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Environment


Millions in federal dollars flow into Northeast Ohio
Cleanup of West Creek watershed in Parma could become model for rain water system retrofits across the state.
by WKSU's ANNA STAVER


Reporter
Anna Staver
 

A Cleveland suburb could become the model for restoring watersheds across Ohio. The EPA awarded Cleveland Metroparks nearly 300-thousand dollars today (Tuesday) to restore the ecosystem of the West Creek watershed in Parma. The grant is part of a multi-million dollar federal restoration project to improve conditions in Lake Erie and Northeast Ohio waterways.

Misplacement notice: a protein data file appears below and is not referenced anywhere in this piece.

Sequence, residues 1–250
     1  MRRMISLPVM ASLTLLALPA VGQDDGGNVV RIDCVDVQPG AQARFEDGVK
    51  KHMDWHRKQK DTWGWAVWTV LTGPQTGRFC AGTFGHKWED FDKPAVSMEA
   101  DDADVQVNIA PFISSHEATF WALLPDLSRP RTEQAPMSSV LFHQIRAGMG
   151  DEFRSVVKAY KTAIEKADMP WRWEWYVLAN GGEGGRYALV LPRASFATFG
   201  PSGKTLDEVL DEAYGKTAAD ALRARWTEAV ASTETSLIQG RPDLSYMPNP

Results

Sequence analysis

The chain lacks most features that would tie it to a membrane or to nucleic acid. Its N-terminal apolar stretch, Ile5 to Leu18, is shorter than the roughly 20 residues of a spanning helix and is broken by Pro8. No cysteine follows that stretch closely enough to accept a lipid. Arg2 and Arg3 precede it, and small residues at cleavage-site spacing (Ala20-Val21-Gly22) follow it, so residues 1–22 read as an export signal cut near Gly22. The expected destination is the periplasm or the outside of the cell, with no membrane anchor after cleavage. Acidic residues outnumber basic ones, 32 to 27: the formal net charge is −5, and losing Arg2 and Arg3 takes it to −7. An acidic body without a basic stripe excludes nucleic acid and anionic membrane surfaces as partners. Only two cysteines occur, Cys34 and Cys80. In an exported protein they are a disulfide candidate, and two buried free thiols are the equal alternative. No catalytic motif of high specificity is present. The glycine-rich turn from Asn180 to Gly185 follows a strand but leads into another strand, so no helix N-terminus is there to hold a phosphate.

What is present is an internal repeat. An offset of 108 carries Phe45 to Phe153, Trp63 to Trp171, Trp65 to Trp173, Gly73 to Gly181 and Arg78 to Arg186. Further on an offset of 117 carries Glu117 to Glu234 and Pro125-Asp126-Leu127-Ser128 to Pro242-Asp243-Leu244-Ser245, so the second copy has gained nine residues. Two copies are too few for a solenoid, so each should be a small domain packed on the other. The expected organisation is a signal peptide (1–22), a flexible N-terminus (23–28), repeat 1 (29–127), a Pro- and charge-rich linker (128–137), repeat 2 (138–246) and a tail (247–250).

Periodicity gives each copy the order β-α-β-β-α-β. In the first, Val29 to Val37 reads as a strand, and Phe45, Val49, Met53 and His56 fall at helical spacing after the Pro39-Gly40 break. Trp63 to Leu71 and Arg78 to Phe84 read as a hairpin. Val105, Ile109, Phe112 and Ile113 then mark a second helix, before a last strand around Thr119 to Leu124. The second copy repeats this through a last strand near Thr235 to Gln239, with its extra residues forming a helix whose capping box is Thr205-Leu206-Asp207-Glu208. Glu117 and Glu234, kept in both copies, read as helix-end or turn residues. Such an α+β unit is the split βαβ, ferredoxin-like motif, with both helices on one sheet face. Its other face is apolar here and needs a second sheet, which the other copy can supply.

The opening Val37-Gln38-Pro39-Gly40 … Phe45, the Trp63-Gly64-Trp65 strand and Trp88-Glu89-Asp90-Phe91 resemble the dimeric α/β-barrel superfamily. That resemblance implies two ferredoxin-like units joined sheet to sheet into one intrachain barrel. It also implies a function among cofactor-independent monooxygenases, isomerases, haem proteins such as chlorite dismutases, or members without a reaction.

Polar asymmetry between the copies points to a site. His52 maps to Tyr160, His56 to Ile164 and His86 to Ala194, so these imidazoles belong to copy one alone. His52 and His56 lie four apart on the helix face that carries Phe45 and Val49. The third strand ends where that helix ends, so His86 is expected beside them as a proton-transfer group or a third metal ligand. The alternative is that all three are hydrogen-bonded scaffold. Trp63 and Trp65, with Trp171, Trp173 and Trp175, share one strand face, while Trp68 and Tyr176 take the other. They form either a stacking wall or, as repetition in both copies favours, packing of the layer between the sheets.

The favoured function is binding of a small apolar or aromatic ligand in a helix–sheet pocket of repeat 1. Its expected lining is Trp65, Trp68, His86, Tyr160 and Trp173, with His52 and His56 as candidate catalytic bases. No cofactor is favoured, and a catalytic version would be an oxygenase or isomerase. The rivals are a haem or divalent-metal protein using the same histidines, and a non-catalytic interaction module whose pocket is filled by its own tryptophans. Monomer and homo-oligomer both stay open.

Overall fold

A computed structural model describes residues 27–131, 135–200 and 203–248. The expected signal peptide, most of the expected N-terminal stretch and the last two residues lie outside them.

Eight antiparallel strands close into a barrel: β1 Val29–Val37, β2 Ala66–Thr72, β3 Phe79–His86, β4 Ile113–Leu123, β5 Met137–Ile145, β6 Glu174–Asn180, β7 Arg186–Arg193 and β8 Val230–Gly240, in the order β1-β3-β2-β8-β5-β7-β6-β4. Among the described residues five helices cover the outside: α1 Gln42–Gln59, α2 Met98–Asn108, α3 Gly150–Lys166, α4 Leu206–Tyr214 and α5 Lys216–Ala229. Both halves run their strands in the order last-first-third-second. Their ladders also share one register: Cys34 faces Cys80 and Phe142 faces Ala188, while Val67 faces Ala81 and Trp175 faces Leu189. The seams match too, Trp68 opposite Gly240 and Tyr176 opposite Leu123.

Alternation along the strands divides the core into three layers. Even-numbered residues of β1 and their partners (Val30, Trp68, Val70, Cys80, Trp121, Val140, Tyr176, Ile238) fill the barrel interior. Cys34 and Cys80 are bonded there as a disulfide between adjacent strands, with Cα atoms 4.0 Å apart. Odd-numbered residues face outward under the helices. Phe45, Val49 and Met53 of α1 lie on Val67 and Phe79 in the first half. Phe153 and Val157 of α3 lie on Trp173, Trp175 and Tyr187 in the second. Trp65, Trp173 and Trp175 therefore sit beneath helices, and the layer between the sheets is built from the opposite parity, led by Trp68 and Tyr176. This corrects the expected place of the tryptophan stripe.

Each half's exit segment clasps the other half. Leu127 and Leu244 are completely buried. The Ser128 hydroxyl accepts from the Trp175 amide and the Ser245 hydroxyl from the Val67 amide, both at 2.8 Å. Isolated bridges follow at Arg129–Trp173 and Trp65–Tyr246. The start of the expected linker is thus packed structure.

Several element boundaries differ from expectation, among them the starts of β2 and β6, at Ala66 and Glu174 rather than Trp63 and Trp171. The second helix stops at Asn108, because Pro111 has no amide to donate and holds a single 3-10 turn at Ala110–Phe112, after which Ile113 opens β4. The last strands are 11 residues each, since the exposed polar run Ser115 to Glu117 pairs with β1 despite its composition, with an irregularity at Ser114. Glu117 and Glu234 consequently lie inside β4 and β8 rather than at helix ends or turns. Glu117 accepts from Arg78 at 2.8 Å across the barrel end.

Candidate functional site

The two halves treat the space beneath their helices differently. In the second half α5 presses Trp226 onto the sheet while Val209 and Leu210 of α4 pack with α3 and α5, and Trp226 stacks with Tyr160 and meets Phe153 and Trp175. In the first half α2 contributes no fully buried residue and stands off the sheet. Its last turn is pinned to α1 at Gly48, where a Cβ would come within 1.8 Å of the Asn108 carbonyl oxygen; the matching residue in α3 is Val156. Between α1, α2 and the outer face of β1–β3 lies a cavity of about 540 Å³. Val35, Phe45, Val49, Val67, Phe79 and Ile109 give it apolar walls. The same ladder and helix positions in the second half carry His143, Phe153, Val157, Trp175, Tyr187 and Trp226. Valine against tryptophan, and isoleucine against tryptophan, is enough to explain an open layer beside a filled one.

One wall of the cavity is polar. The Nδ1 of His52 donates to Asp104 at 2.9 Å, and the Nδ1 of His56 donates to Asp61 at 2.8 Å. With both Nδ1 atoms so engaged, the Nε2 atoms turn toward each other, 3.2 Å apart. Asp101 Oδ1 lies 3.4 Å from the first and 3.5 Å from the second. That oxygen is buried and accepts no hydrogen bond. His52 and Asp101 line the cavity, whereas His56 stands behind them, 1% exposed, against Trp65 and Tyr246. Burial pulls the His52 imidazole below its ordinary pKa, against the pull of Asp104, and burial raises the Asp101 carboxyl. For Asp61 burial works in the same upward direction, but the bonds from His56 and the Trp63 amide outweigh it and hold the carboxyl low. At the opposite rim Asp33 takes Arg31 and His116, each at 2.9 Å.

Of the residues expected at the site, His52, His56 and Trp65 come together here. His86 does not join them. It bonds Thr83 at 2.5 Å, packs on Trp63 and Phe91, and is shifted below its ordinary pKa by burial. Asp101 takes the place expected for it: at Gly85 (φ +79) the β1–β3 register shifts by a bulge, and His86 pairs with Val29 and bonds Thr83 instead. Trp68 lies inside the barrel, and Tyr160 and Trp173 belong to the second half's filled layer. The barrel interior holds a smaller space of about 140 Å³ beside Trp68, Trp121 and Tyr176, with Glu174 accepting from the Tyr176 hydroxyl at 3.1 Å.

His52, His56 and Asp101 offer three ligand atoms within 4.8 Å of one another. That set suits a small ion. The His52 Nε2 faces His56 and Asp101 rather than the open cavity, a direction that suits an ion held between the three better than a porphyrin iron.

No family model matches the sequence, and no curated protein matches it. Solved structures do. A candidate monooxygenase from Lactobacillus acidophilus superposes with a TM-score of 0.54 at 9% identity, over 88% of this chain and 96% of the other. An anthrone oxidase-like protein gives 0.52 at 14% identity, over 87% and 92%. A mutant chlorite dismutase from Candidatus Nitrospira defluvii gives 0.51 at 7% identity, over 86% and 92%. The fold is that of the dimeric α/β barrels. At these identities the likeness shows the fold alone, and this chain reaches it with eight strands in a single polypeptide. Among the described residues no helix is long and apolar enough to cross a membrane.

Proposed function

John Mack is the chief of natural resources for Cleveland Metroparks, and he says the problem in West Creek is that storm drains from Parma funnel water into a main pipe that shoots it out into the river. Mack says that destroys much of the life in the watershed. He says he hopes that the project will serve as an example to other Ohio communities with aging storm water systems.

Mack says this project could be seen as a pilot program

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“Showing that it can be done. That you can into established neighborhoods and you can retrofit them. It’s not inexpensive, but it’s not so expensive that it’s not doable.”

Mack says the grant will fund retrofitting private homes and replacing traditional curbs with ones that filter pollutants out of rain water.

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